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Photo: Johannes Eisele/AFP/Getty Images

It was 20 months ago that we told you about the highly unusual dynamic of synchronized global growth — the world’s 10 biggest economies growing at once.

The state of play: Now, we seem headed for the Synchronized Slump — and we had the rise of inward-looking, finger-pointing nationalism in relatively good times. Imagine the world as things go south.

Global economic data has consistently worsened this year:

  • Japan and three of Europe's four largest economies — Germany, Italy and the U.K. — are heading toward recession by year-end, with China growing at its slowest pace in 27 years.
  • The IMF cut its global growth forecast again last month after warning in April that this was a "delicate moment" for the world.
  • Today's N.Y. Times lead: "Markets Shudder as Signs Point to Global Slowdown ... Trade War Dims Outlook in Germany, China and U.S."

Signs of a looming U.S. recession abound:

Why it matters: These inversions have preceded every U.S. recession of the last 70 years.

Other warning signs: 

  • U.S. manufacturing is in recession, as is transportation across all sectors — air, rail, freight and passenger. 
  • Airlines are expecting their worst year since 2014, and the auto industry has laid off more people than it has in a decade.
  • A growing number of businesses are citing "greater risk aversion," largely because of tariffs, as a reason for not making more purchases or investments.
  • Economists say Trump's policies have introduced a real risk of stoking inflation — absent for more than a decade — as retailers large and small say the tariffs will force them to raise prices.

Why things could get worse: The levers that have saved the economy in previous times of crisis look exhausted.

  • Central bankers around the world are cutting interest rates at a level not seen since the financial crisis — but studies show that monetary policy is not as powerful as it once was.
  • The world is already deeply in debt — and democratic institutions are extremely polarized — making government spending more difficult as well.

Reality check: The U.S. economy is still like a "choose-your-own-adventure" game, with plenty of other data points saying the economy is in fine shape. 

  • Consumer spending — responsible for two-thirds of economic growth — is still strong, and consumers haven't expressed the same dip in confidence that businesses have.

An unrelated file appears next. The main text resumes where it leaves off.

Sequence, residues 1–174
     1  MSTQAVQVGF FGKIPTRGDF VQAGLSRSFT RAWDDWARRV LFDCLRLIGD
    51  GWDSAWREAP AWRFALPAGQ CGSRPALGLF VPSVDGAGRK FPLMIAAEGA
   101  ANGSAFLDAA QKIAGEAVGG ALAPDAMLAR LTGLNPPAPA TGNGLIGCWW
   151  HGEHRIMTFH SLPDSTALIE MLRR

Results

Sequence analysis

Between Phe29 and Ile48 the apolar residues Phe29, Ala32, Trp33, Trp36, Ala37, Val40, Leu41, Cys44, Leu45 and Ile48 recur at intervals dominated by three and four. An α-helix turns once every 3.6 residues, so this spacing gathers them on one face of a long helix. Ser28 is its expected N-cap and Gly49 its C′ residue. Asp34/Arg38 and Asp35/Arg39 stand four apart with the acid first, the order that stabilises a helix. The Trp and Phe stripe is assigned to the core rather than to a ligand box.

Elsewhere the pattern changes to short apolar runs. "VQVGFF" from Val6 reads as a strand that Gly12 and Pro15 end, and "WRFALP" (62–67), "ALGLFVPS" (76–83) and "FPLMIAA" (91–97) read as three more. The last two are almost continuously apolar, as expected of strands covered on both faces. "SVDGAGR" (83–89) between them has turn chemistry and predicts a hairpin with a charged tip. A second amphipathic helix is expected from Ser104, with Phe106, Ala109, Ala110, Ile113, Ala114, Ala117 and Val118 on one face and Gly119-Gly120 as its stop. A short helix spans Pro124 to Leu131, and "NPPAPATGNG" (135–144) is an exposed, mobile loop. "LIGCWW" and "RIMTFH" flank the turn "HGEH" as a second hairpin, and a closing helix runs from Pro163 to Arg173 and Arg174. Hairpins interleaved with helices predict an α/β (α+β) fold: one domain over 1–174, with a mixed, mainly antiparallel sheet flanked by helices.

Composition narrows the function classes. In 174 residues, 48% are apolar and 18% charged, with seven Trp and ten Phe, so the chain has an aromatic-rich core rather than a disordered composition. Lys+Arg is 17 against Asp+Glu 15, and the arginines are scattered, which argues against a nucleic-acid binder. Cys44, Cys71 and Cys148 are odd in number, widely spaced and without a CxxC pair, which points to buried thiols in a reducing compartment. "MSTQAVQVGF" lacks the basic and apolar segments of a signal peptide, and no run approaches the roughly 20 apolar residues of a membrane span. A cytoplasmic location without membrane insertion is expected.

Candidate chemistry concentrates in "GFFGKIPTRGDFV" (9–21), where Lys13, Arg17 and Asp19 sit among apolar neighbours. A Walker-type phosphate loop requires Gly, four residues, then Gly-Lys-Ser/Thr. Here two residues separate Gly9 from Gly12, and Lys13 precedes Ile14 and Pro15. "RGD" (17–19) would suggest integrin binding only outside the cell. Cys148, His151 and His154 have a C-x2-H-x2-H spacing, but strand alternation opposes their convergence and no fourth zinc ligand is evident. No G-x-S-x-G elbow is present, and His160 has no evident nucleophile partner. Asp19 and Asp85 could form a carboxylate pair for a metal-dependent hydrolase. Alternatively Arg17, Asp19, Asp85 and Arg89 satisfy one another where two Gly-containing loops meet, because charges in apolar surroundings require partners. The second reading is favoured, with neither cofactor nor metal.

• The economy has added jobs for 106 consecutive months.
  • Unemployment is near a 50-year low. 

The bottom line: A recession is always coming — it's just that no one knows when. And the mere fear of recession is just as likely to push the economy into a recession as anything else.

Go deeper: Stocks plummet on fears of recession

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Go deeper

Broncos and 49ers the latest NFL teams impacted by coronavirus crisis

From left, Denver Broncos quarterbacks Drew Lock, Brett Rypien and Jeff Driskel during an August training session at UCHealth Training Center in Englewood, Colorado. Photo: Justin Edmonds/Getty Images

The COVID-19 pandemic has thrown the NFL season into chaos, with all Denver Broncos quarterbacks sidelined, the San Francisco 49ers left without a home or practice ground and much of the Baltimore Ravens team unavailable, per AP.

Driving the news: The Broncos confirmed in a statement Saturday night that quarterbacks Drew Lock, Brett Rypien and Blake Bortles were identified as "high-risk COVID-19 close contacts" and will follow the NFL's mandatory five-day quarantine, making them ineligible for Sunday's game against New Orleans.

Updated 11 hours ago - Politics & Policy

Coronavirus dashboard

Illustration: Sarah Grillo/Axios

  1. Health: WHO: AstraZeneca vaccine must be evaluated on "more than a press release."
  2. Politics: McConnell temporarily halts in-person lunches for GOP caucus.
  3. Economy: Safety nets to disappear in DecemberAmazon hires 1,400 workers a day throughout pandemic.
  4. Education: U.S. public school enrollment drops as pandemic persists.
  5. Cities: Surge in cases forces San Francisco to impose curfew — Los Angeles County issues stay-at-home order, limits gatherings.
  6. Sports: NFL bans in-person team activities Monday, Tuesday due to COVID-19 surge — NBA announces new coronavirus protocols.
  7. World: London police arrest more than 150 during anti-lockdown protests — Thailand, Philippines sign deal with AstraZeneca for vaccine.

Tony Hsieh, longtime Zappos CEO, dies at 46

Tony Hsieh. Photo: FilmMagic/FilmMagic

Tony Hsieh, the longtime ex-chief executive of Zappos, died on Friday after being injured in a house fire, his lawyer told the Las Vegas Review-Journal. He was 46.

The big picture: Hsieh was known for his unique approach to management, and following the 2008 recession his ongoing investment and efforts to revitalize the downtown Las Vegas area.